An angelic Saint Bernard named Clarence has been busy earning his wings.
The 10-year-old dog spent this week at the U.S. Capitol to attend services for Capitol police officer William “Billy” Evans, who was killed April 2 when a driver rammed his car into a security barricade outside the complex. He and his handler, Deputy Chief William Gordon of the Greenfield Police Department in Massachusetts, volunteer with the nonprofit K9 First Responders, which offers comfort to people affected by traumatic events.
“It’s kind of how you have a dark, cloudy day and it’s raining and then you get that first ray of sunshine, and it’s beautiful,” Gordon told TODAY. “That’s kind of what Clarence does: He brings a ray of sunshine into a dark world.”
Gordon and Officer Clarence, a police comfort dog who is named for the late musician Clarence Clemons and the angel from “It’s a Wonderful Life,” met with Capitol police before Tuesday’s service. During the ceremony, after President Joe Biden paid his respects, he happened to walk by the duo.
“He was on his way out and he came across Officer Clarence and bent over and gave him a hug and a kiss and shook my hand and then went to the family,” he said.
While Gordon thought the encounter was a special way to cap a decade of service for America’s first police comfort dog, Officer Clarence was unfazed. The dog enjoys getting attention from everyone he meets.
This week, Officer Clarence proved a hit with elected leaders and staff from both sides of the aisle, such as Republican Sen. John Cornyn, House Speaker Nancy Pelosi and Senate Majority Leader Chuck Schumer. Vice President Kamala Harris asked them to take care of themselves, and Senate Minority Leader Mitch McConnell walked by and commented, “That’s a very large dog.”
The very large dog got his start helping others as a pretty small puppy. When Gordon and his wife, who is also a police officer, welcomed Clarence into their home in 2011, Gordon was struggling with post-traumatic stress disorder.
“Clarence was helping me and as I went to get treatment, they noticed how much he started helping other first responders,” he said.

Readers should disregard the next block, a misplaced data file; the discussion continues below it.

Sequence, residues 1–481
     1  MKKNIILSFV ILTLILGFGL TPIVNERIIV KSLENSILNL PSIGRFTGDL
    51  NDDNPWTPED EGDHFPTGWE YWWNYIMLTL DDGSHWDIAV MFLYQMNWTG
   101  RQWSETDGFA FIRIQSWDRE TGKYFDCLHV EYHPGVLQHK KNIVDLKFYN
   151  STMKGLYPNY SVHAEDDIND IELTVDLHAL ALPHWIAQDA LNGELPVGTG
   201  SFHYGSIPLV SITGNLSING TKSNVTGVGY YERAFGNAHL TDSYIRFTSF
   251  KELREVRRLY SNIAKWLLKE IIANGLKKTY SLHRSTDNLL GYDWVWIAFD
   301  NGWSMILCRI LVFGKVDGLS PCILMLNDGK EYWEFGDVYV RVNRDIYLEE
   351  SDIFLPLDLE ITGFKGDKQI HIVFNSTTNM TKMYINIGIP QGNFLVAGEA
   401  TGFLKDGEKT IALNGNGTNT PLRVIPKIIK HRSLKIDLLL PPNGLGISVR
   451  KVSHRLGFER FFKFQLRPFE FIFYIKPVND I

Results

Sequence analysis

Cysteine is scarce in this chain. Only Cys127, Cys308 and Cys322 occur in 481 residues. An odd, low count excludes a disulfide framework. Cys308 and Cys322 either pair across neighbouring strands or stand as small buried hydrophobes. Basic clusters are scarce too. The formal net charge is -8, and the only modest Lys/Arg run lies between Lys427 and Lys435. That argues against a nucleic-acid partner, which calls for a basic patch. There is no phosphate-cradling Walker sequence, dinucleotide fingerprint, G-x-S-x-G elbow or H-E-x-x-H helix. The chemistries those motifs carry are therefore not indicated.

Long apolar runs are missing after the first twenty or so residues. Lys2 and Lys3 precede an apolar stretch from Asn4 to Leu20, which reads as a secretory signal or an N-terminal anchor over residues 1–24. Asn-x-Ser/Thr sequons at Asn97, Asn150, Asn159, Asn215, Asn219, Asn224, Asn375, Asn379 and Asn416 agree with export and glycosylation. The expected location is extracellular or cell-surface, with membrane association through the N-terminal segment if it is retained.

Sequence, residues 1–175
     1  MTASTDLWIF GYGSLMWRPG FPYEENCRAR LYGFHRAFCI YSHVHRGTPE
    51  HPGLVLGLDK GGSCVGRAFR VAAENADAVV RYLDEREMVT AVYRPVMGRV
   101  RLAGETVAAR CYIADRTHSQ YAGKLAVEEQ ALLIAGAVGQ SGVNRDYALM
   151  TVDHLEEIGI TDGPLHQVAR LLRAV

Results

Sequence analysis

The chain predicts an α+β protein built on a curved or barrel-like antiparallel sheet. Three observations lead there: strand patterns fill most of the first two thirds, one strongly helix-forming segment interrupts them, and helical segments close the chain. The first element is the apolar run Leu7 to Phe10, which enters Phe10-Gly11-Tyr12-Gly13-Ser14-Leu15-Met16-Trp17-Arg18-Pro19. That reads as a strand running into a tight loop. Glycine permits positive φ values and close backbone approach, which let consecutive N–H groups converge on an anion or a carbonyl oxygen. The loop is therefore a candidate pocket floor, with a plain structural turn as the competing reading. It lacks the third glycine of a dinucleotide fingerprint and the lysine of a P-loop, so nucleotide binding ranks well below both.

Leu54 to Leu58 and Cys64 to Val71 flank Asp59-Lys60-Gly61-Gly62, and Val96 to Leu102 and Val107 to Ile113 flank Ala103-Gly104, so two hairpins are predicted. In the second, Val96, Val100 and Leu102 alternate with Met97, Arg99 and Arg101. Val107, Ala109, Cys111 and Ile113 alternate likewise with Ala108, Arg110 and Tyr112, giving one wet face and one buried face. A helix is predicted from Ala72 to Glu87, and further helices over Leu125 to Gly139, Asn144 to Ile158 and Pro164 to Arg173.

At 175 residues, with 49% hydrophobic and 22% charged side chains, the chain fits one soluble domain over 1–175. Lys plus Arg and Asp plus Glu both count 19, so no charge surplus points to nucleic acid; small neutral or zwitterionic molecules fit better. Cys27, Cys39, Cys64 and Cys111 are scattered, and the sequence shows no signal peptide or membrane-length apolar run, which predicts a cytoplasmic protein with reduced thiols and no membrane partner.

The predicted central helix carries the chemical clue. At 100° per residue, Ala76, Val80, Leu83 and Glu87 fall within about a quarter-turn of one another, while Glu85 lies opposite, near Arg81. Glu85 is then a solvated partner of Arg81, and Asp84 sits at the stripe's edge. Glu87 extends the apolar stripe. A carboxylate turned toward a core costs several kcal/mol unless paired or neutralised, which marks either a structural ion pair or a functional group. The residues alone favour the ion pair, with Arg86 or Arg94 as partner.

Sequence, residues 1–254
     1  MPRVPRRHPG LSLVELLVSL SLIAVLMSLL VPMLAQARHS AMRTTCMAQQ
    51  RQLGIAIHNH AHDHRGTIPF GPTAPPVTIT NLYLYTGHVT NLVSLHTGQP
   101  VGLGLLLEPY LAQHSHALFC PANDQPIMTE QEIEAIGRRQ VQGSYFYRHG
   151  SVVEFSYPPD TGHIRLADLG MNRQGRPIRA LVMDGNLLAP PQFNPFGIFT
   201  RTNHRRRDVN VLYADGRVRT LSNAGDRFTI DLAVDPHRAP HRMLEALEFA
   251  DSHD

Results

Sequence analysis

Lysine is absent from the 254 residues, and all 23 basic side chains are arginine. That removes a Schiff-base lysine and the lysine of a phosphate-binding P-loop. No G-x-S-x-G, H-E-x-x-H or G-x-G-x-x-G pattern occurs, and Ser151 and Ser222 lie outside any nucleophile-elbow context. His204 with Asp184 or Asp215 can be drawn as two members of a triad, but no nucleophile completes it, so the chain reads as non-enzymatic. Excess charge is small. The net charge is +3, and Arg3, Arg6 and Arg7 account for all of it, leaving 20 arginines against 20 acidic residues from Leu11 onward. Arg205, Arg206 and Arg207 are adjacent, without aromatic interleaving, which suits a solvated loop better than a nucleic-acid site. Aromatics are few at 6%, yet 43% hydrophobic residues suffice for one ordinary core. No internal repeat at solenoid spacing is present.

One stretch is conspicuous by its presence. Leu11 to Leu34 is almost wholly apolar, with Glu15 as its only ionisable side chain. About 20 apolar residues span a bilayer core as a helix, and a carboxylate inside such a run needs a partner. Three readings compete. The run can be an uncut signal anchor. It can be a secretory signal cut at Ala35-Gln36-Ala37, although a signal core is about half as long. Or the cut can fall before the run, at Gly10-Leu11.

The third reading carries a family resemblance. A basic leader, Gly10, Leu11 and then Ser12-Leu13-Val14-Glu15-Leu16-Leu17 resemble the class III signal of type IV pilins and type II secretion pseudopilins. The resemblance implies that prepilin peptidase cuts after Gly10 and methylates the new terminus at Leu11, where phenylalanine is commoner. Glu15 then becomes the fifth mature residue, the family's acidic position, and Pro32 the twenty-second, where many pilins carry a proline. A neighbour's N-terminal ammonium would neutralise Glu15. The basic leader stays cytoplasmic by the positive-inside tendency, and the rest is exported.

They started working to help first responders and in December of 2012, traveled to Sandy Hook, Connecticut, with other therapy dog teams from K9 First Responders to meet with firefighters who had to break the news to families that their children had been killed.
“It was very sad and upsetting,” he said. “We came down with our dogs and met with them. It was the first time that they smiled in the period of almost a week.”
Six months later, Officer Clarence comforted athletes after the Boston Marathon bombing. They also deployed to Las Vegas after the 2017 mass shooting and to Pittsburgh following the synagogue shooting at the Tree of Life Congregation.
“Our goal is to take a really tragic, dark situation and interject a small positive,” Gordon said.
Officer Clarence goes to work every day at the Greenfield Police Department, where he comforts victims of crimes, including children. The dog loves his job.
“He has a special harness that we put on, and he knows that when the harness gets on, he’s no longer a pet but a working dog,” Gordon said. “We have to bury his harness in a drawer because if he sees the harness, he tries to put it on himself so he can go out the door and go to work. Then he goes to work and sleeps all day. He sits there and snores and sleeps as people pet him.”
No rewards are needed for a job well done. The mellow dog relishes being pet, and Gordon knows better than to offer treats because he drools on people.
“He could fling his drool and hit the top of the rotunda if he wanted to,” Gordon quipped. “It’s the scratching behind the ears and whatnot that he really works for.”
Officer Clarence is semiretired, so Gordon and his wife are training Officer Donut, another Saint Bernard, to fill in for him when he fully retires. Gordon feels the breed’s disposition makes them perfectly suited for being pets as well as comfort dogs.
“Their job in the 1800s was to go out to the Alps and rescue people in avalanches of snow. Their job was to lay down next to somebody and keep them warm and comfort them as the rescue crews would come,” he said. “They’re basically still saving people from avalanches, but this one is avalanches of stress. So that’s why we go to crisis and when people are overcome with emotion, he comes to the rescue.”